The division into PMC right-wing, PMC left-wing and politically motivated crime committed by foreigners was said to extend the categories under which such offences could be recorded statistically, since the old criterion of “destroying free democratic constitutional structures” no longer applied, meaning any political motivation as a background to a criminal offence was sufficient for data collection purposes. Since the term “extremism” was not abolished, but used as a subcategory of PMC, the authorities have been given even greater room for manoeuvre to register right-wing criminal offences differently—as right-wing politically motivated crime, as right-wing extremist or also as a criminal offence without any political background.

The authorities frequently exploit this situation. In Mecklenburg-Western Pomerania, no right-wing violence was recorded in 2001 at all, although the state had always been high up in the statistics for the size of its population. Acts of right-wing violence were simply registered as “only” right-wing. In Brandenburg, several attacks by right-wing extremists on “left-wing” looking young people were minimised by the police, who labelled them “non-political clique rivalries”.

The murder of a refugee, overheard speaking Russian, in the Brandenburg town of Wittstock in May last year and the above mentioned murder in July of the young man in Uckermark, also in Brandenburg, only appeared as a “footnote” in the report of the state Interior Ministry, but were not recorded as acts of right-wing violence.

The background to right-wing violence

The fact that right-wing, racist violence is more marked in East Germany, even though the number of foreigners as a proportion of the population there is infinitesimally small, clearly reveals the link to the social crisis. Officially in East Germany unemployment is approximately twice as high as in the West. In some regions nearly one in three people are unemployed, although a large part of the working-age population has moved away. In many places, the lack of apprenticeship places makes the situation even more hopeless for young people.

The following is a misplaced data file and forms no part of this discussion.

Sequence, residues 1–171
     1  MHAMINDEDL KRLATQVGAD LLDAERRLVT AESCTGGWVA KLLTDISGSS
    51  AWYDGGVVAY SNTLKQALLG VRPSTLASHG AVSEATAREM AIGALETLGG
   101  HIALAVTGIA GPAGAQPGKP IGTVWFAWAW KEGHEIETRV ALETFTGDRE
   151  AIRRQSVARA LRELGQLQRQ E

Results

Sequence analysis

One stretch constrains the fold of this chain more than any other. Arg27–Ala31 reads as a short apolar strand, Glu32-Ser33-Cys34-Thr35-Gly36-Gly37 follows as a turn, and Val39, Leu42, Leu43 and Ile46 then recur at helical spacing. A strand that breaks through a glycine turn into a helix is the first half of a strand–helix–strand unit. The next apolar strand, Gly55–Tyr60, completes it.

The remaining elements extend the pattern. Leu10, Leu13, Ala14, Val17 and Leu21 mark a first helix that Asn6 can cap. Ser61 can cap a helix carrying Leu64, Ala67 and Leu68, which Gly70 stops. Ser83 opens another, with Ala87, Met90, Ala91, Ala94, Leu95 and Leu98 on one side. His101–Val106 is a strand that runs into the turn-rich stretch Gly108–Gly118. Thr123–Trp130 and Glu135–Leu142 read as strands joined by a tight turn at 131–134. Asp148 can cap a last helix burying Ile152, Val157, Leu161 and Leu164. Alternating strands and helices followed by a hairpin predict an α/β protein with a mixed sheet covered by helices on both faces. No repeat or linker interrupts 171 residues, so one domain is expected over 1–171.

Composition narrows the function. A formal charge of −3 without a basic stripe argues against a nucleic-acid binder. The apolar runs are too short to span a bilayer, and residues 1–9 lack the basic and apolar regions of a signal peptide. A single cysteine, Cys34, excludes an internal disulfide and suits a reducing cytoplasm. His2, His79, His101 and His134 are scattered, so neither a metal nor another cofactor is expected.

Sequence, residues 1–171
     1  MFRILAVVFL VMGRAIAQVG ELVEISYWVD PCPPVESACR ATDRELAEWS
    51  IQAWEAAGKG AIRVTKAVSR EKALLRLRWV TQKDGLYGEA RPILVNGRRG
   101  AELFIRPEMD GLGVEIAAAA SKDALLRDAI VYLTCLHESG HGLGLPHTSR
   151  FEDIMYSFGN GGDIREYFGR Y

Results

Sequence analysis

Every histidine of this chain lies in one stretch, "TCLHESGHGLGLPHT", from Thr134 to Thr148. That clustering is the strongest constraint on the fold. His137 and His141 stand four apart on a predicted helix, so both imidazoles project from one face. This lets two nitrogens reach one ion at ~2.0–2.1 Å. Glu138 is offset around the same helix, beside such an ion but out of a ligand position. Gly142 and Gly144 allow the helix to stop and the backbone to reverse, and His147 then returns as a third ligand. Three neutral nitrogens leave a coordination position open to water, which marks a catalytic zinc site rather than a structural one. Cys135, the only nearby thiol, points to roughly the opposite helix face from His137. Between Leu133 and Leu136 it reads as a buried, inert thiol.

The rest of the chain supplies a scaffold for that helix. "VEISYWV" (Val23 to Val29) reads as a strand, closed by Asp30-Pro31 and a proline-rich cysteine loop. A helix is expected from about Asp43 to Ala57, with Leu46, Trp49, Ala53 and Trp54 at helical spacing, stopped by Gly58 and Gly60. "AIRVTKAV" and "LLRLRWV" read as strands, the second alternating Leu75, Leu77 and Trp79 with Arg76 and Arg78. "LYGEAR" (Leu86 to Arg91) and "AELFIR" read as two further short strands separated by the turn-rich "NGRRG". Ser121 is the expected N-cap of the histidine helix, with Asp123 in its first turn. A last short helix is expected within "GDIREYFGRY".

However, a social crisis does not lead automatically to the strengthening of right-wing political tendencies. It can also lead to a broader solidarity from below and so prepare a social change. The concentrated appearance of the extreme right in East Germany therefore has other, specific reasons, which have to be found in the history of the GDR. Behind the façade of anti-fascism and “proletarian internationalism”, the Stalinist ruling party not only propagated naked nationalism, but above all ensured that every independent movement of the working class was suppressed and suffocated.

Moreover, all the parties, also those calling themselves a “left-wing opposition” like the Party of Democratic Socialism, wherever they exercise political influence and power act against the interests of the population and implement increasingly worse cuts in all social spheres.

Thus in view of the confusion about Stalinism, increasing despair and hopelessness lead to the fact that the search for a radical way out of the social crisis takes on, to some extent, reactionary, right-wing forms.

Moreover, right-wing extremist ideas are encouraged by an official, state racism. Federal Interior Minister Otto Schily (Social Democratic Party) declares that Germany has exceeded the “limit of its capacity” as far as immigrants are concerned, while his friend and Bavarian state Interior Minister Beckstein (Christian Social Union) divides foreigners into those who are economically useful and those who are “without use”. The “fight against illegal immigration” criminalises all foreigners, and at the same time, most elementary democratic and social rights are being systematically withheld from asylum-seekers and refugees. Such rhetoric and policies can only be regarded by the extremist right as giving approval to their own xenophobia and racism.